Finally, there is one edge cluster consisting of two edge nodes to host the NSX-T logical routers.

Networking Capabilities

Now that we’ve peeked behind the curtain, let’s talk about what you can actually do with your private cloud. This is by no means an exhaustive list, but here are some common use cases:

  • Create workload segments in NSX-T
  • Expose VMs or services to the internet via public IP
  • Leverage NSX-T load balancing capabilities
  • Create north-south firewall policies with the NSX-T gateway firewall
  • Create east-west firewall policies (i.e., micro-segmentation) with the NSX-T distributed firewall
  • Access and consume Google Cloud native services
  • Migrate VMs from your on-premises data center to your Google Cloud VMware Engine private cloud with VMware HCX

I will be covering many of these topics in future posts, including automation examples. Next, let’s look at the options for ingress and egress traffic.

Egress Traffic

Google Cloud VMware Engine Egress Traffic Flows by Google, licensed under CC BY 3.0

One of the strengths of Google Cloud VMware Engine is that it provides you with options. As you can see on this diagram, you have three options for egress traffic:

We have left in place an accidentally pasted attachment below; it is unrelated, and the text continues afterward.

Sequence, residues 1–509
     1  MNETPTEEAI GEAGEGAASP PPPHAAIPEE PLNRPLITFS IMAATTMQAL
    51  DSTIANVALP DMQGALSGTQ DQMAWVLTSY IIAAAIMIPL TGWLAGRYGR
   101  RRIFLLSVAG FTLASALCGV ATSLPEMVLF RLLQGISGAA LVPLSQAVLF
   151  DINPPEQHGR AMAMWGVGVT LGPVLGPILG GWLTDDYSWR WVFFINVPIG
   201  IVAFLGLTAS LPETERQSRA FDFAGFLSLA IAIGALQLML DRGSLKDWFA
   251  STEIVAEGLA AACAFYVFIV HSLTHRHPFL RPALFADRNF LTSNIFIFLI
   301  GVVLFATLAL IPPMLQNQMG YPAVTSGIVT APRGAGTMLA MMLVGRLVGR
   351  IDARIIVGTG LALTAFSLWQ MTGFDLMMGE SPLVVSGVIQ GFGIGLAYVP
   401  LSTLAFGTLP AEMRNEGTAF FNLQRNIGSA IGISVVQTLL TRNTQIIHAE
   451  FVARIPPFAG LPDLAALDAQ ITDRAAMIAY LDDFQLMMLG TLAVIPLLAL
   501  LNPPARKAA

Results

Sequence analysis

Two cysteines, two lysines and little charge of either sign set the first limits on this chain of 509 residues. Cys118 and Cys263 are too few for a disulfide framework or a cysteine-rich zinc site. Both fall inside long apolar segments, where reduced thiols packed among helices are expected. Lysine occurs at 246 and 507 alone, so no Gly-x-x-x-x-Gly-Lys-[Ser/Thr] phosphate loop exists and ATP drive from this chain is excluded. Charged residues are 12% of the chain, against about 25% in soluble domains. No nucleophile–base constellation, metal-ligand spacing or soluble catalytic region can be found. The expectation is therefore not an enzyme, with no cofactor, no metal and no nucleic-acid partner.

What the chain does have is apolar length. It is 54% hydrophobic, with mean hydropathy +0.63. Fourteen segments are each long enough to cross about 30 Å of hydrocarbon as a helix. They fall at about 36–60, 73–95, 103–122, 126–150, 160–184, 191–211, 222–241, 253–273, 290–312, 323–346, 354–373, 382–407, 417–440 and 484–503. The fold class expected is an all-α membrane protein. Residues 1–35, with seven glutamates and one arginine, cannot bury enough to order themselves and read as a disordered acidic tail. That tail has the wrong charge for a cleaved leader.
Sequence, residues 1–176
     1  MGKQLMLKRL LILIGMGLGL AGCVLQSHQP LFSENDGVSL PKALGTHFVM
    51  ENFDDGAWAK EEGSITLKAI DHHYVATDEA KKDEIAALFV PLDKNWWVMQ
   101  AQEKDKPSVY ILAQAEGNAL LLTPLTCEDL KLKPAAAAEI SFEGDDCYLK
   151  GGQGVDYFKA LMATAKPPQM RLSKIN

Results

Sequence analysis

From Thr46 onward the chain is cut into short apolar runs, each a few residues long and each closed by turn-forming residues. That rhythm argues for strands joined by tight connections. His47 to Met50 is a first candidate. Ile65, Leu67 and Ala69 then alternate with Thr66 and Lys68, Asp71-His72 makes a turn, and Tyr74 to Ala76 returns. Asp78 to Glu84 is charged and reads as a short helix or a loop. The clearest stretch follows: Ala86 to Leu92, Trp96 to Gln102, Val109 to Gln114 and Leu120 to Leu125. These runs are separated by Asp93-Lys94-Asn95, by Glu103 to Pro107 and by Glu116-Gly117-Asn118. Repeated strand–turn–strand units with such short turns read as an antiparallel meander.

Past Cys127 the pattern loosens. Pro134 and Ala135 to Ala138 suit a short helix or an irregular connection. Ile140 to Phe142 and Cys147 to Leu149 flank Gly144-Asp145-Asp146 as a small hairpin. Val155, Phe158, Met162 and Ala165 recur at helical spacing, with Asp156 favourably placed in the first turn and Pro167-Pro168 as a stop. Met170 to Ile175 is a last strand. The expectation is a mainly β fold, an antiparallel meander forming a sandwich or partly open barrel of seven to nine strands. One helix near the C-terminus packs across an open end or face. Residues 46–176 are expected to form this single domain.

1. Egress through the Google Cloud VMware Engine internet gateway
  2. Egress through an attached VPC
  3. Egress through your on-premises data center via Cloud Interconnect or Cloud VPN

In Deploying a Private Cloud with HCX, I walked through the steps to enable Internet Access and Public IP Service for your private cloud. This is all that is needed to provide egress internet access through the internet gateway. Internet-bound traffic will be routed from the T0 router to the internet gateway, which NATs all traffic behind a public IP.

Egress through an attached VPC or on-premises datacenter requires additional steps that are beyond the scope of this post, but I will provide documentation links at the end of this post for these scenarios.

Ingress Traffic

Google Cloud VMware Engine Ingress Traffic Flows by Google, licensed under CC BY 3.0

Ingress traffic to Google Cloud VMware Engine follows similar paths as egress traffic. You can ingress via the public IP service, connected VPC, or through your on-premises data center. Using the public IP service is the least complicated option and requires that you’ve enabled Public IP Service for your private cloud.

Public IPs are not assigned directly to VM. Instead, a public IP is allocated and NATed to a private IP in your private cloud. is You can allocate a public IP in the Google Cloud VMware Engine portal by supplying a name for the IP allocation, region, and the private address.

Connecting to your Private Cloud